A new post by Gábor Széplaki:
After the Russo-Turkish war, the question of the affiliation of the Balkan territories was resolved by a congress held in Berlin in 1878 with the participation of the leading powers of the continent and the concerned Balkan peoples. As one of these decisions, Bosnia and Herzegovina was rendered to the Austro-Hungarian Monarchy. Contrary to plans, the march into the new provinces was not a quick triumphal march. It took more than two months and met with serious resistance, which claimed considerable losses. The operation highlighted weaknesses in weaponry, equipment, training and organization, which began to be corrected in the following years. One of the lessons learned was that military aspects must also be taken into account in the further development of the railway and telegraph network.
The dynamic quantitative and technical development of the telegraph network in the territory of the monarchy foreshadowed the establishment of a new specialist troop in 1883: the Railway and Telegraph Regiment. The corps built telegraph disconnections and independent lines for the headquarters and the commands of higher units, as well as other leading bodies.
Structure of the regiment:
– Headquarters (leading bodies)
– First-line telegraph directorates (military supply control points)
– Second-line telegraph directorates (military supply control points)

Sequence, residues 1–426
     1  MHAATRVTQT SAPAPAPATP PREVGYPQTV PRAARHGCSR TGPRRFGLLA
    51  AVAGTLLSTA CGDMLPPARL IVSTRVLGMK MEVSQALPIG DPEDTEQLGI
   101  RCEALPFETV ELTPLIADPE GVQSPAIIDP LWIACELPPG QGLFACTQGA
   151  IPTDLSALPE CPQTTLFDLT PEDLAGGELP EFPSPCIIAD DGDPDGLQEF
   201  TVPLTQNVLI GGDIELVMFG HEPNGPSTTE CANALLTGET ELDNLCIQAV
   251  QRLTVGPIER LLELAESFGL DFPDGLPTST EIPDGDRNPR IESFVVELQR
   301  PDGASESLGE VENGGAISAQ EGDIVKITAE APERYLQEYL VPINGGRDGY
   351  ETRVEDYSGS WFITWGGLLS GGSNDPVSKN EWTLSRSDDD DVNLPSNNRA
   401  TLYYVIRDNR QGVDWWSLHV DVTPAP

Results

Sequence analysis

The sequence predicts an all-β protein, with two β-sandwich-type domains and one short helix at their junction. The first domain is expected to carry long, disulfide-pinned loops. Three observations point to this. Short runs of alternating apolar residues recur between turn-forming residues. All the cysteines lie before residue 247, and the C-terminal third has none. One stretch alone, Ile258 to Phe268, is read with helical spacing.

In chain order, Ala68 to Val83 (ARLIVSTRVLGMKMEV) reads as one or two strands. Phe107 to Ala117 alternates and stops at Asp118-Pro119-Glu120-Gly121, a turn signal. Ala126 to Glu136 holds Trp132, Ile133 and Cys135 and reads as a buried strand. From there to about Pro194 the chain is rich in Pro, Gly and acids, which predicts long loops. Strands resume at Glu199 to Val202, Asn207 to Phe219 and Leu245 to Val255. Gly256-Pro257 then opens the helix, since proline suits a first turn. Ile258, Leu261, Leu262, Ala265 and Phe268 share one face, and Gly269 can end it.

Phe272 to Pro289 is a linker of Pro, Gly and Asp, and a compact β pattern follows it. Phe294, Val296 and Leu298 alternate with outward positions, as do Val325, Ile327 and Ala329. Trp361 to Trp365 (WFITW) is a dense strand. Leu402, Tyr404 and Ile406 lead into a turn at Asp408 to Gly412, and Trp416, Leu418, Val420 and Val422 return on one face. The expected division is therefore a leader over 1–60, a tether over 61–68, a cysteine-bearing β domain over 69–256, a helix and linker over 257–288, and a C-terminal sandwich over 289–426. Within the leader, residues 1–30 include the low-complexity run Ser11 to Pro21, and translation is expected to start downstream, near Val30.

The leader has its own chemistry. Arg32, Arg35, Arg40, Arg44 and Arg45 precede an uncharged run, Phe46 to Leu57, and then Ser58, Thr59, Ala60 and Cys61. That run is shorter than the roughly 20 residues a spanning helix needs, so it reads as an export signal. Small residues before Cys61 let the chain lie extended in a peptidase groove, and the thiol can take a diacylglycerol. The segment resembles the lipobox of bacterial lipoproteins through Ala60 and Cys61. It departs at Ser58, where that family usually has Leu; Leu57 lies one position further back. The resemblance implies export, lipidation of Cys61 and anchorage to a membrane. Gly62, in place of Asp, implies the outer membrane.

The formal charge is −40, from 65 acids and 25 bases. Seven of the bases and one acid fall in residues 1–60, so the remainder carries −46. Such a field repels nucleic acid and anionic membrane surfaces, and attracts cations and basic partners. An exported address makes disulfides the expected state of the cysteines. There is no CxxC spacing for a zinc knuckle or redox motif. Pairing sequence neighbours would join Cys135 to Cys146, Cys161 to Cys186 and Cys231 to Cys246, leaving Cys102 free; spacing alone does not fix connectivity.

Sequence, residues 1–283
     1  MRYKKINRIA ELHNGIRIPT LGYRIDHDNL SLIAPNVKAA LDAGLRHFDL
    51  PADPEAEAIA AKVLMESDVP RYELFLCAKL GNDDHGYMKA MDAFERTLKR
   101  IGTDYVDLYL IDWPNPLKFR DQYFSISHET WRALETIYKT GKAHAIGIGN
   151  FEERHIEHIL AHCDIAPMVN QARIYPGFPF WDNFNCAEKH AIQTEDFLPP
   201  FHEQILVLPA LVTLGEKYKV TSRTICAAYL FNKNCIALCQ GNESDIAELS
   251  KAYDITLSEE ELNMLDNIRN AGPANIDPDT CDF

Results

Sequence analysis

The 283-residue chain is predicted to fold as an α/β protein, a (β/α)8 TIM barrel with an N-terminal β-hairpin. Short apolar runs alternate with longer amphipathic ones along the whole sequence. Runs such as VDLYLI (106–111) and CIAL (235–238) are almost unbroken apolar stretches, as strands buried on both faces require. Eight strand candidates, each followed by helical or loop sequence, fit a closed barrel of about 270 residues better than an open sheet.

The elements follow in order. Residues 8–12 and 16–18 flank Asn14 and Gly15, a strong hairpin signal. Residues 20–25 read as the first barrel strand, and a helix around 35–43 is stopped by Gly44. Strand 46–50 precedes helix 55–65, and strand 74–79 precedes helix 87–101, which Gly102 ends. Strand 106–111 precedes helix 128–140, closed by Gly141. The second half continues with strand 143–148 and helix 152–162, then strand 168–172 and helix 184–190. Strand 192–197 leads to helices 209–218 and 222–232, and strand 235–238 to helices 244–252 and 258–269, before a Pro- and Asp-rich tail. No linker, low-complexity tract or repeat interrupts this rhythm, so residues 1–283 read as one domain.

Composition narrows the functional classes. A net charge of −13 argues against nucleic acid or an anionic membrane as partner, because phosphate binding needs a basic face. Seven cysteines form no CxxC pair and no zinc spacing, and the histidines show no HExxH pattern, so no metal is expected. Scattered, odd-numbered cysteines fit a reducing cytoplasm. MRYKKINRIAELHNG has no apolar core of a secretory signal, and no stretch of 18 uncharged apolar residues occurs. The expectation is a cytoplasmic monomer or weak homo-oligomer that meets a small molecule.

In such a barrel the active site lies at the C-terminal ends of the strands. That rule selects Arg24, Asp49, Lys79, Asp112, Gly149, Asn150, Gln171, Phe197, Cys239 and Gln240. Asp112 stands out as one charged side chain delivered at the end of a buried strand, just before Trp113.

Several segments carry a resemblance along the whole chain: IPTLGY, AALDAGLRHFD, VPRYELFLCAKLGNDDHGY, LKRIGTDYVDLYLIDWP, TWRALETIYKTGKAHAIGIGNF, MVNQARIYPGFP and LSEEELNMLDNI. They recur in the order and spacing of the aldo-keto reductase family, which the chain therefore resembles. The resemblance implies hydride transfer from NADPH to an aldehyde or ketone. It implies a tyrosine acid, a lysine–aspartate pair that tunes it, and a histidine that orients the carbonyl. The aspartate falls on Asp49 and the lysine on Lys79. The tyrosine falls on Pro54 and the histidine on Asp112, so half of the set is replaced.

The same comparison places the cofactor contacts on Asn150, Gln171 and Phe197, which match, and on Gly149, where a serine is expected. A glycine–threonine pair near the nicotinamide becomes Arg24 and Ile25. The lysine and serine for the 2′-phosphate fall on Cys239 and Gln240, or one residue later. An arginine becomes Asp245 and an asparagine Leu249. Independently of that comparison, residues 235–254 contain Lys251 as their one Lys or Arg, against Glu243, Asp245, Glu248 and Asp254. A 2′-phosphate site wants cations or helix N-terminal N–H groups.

– 42 field telegraph squads
– 3 mountain telegraph squads
– 1 separated telegraph squad
The telegraph school was established and operated within the regiment.
According to the literature, a troop insignia to be worn on the collar was introduced in 1883 to distinguish the new formation, but unfortunately I have not found the relevant decree until now. The main motif of the insignia is a winged wheel, which can also be seen on the uniforms of the civilian railway staff – according to one main activity of the corps. Due to this similarity resulting from the common task, this military insignia is often confused with the civil insignia. The most important difference is that the spokes of the wheel are displayed with stylized lightning motifs emanating from the axle, which refer to the other basic activity of the regiment.
Since the distinguishing mark was introduced quite early – the third in order of such badges – and the troop was stationed in many areas of the empire, the badges show minor or major differences both in terms of the materials used, as well as the design and form. Presumably, several companies supplying the army produced them, hence the occurrence of many different versions.
For the regiment’s insignia, the officers wore gilded ones, the non-commissioned officers and crew members, and the staff officers wore silver-plated ones. In its design, there are specimens made of metal plates of various materials, or embroidered with gold/silver metal thread and sequins.
Since the badges had been used in the system for a long time, their occurrence is rather frequent, similarly with regard to wearing photos. We can see an example of wearing an embroidered badge on the title page, and a metal badge on the bottom:
The insignia also appears on the unit’s 1916 cap insignia.